But you were uncomfortable when you first started playing live?

JT: He wasn’t really a singer and didn’t aspire to perform.

BH: I don’t have a lot of confidence as a performer. I’m not driven to perform, but I’m driven to write songs. That’s what compels me to do it. Playing live is fun, but it’s not the reason why we do it. So I feel like if people like the songs, they’ll like the performance. I’m totally confident now because I’m confident in the songs.

Has having some form of validation helped that?

BH: Yeah, but it’s more from having people we like like us. I mean, if Stephen Pastel likes us do I really care what some guy on a blog thinks? Not really. And I feel like we know a good song and know what we like.

You’ve mentioned blogs—does the attention that’s been paid the band seem artificial?

BH: I feel like some of the bad things people have had to say are a reaction to the supposed hype. But it is what it is.

You said you only toured once. Have you played Florida?

BH: No. I’m not sure that there’d be a big homecoming for us. We don’t really know anybody down there anymore. It might be fun to play down there, but I wouldn’t foresee it as being different from playing anywhere else.

When you recorded the full-length was that with this line-up?

JT: No, it was just the two of us. We recorded it two years ago. Then we kept mixing it. We tried different mixes—we did a mono mix—but nothing sounded right.

BH: We didn’t really know what we were doing. We just wanted to keep going and recording. That’s why there’s some repeated songs. The EP hadn’t come out and we didn’t know if it was going to come out at all. We wanted the LP to be more pro sounding.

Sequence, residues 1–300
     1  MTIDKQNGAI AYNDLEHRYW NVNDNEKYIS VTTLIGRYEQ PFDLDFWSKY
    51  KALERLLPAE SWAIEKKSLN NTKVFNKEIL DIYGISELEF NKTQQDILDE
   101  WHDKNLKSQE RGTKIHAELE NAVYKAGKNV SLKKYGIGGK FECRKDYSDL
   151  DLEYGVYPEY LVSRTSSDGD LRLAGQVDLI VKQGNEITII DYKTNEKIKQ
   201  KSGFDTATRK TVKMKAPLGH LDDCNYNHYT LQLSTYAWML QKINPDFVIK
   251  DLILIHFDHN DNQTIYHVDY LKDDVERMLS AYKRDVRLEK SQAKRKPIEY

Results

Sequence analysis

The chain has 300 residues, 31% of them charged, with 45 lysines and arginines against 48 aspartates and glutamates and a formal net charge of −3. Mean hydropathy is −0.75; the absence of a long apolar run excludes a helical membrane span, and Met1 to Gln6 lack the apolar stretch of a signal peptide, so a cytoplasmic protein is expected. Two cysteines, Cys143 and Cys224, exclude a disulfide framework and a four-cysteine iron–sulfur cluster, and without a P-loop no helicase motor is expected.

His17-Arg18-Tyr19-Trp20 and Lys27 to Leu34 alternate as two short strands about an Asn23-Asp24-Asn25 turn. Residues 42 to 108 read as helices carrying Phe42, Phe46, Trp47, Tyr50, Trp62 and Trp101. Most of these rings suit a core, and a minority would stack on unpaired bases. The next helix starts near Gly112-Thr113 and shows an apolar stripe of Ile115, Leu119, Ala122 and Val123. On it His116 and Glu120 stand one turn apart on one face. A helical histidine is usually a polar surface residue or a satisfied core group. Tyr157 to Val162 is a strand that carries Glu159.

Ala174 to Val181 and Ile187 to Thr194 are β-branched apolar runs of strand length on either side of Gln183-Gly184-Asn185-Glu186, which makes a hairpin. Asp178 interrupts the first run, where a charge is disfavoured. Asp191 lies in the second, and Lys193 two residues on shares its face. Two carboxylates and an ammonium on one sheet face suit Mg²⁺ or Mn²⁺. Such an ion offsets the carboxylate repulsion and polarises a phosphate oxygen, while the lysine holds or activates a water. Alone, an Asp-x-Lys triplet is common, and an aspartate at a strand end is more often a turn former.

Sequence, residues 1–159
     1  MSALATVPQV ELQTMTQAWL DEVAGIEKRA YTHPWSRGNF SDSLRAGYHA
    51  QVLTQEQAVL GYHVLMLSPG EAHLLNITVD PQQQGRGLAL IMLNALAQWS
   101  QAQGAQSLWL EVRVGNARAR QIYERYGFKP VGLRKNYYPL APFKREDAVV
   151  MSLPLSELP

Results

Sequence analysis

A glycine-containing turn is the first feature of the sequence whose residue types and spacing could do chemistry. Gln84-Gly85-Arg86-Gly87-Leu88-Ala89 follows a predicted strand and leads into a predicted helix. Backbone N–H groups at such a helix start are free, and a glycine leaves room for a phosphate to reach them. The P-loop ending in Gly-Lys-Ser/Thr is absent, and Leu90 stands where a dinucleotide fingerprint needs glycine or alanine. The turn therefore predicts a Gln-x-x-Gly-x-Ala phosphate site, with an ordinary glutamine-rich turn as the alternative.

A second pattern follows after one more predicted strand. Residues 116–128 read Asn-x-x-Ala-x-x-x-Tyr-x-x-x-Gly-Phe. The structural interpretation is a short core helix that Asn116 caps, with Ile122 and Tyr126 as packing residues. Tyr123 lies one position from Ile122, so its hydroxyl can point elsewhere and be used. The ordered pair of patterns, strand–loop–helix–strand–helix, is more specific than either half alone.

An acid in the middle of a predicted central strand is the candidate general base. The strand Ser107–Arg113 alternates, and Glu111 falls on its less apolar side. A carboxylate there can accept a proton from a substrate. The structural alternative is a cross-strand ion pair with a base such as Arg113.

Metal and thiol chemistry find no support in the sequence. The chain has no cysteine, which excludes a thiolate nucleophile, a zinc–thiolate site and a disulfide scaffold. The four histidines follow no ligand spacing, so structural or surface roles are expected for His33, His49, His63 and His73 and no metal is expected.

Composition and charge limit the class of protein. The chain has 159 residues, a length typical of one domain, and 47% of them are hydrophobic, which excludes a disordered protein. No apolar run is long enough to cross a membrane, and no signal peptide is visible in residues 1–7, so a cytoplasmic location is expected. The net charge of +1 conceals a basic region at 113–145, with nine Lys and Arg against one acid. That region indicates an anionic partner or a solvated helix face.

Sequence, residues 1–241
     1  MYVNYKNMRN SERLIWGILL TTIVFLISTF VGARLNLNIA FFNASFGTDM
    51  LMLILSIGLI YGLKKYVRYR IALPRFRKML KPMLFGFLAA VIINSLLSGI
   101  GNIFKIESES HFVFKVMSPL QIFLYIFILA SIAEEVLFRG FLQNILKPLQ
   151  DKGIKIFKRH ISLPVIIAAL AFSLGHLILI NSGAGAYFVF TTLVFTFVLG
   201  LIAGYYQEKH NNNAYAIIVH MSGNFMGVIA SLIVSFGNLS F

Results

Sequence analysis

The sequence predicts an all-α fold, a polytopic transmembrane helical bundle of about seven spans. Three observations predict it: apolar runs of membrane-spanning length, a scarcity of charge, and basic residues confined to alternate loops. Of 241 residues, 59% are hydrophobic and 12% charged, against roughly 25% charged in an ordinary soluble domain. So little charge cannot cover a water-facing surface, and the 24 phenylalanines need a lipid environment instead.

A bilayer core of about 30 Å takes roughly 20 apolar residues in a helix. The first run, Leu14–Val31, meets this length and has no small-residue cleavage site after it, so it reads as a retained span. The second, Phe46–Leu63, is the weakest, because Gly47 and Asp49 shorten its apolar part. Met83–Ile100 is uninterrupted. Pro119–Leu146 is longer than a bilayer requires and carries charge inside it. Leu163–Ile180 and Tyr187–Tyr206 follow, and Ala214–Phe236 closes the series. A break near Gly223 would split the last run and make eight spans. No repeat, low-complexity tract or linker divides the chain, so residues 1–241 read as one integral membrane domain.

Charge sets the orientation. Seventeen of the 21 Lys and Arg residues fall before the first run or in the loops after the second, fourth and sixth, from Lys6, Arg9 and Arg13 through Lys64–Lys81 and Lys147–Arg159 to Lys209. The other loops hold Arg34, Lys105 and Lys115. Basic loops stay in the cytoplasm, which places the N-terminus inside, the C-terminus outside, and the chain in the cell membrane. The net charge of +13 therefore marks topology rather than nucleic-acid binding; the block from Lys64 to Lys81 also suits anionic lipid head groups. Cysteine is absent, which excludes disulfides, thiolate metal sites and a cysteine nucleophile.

Why did you decide to rename “Converging the Quiet?”

BH: I don’t like titles that are from lyrics. When I thought about renaming “Converging the Quiet,” maybe 50 people had heard it. The decision was made when it wasn’t known if the EP was coming out. If you’re making a single, making an EP, making an album—they’re all different things. I was very particular about the length of the record and the songs. There was something specific being projected.

Thematically it seems like there’s a certain fascination with the macabre.

BH: We’re a goth band, right?

I wouldn’t go that far.

BH: Well, some people have! What’s particularly macabre?

You can pick out words like “tomb” and “graveyard.”

BH: There’s a certain amount of isolation. To me, it represents an effort to find a way to live, a way to exist. When I was living in Florida, I wrote for a long time. I was writing for about three years before I wrote something that accurately described how I felt. The first line on the record describes how I felt in Florida. So to me, they represent a way to be more alive.

Does naming one of the songs after the band have particular significance?

BH: Yeah, that song describes what we’re trying to do.

So, “We’re courting dreams” describes what you’re trying to do?

BH: When you’re recording music that’s what you’re trying to do.

Did you seek out a deal with Slumberland or did they approach you?

BH: He wrote us about putting a song on a compilation. I had a list of labels that I thought would be ideal, and they were one of the top two. So when he contacted us, we told him that we had this record. It was a little of both.

Do you feel a distance from the old songs?

BH: We like playing the new songs, but the old ones still mean a lot to me. And it means a lot that they’ve come out.

Seeing the band coming to fruition is this what you had in mind?

BH: I didn’t even know how to play an instrument, but yeah. Most of the stuff that I like, isn’t the most popular, and to us it means more how much someone likes a record. If we have 1,000 people and our records mean a lot to then that’s more important to selling a lot of copies of a record that doesn’t mean much.

Do you feel any amount of pressure now that the band has gotten attention?

BH: Pressure to do what?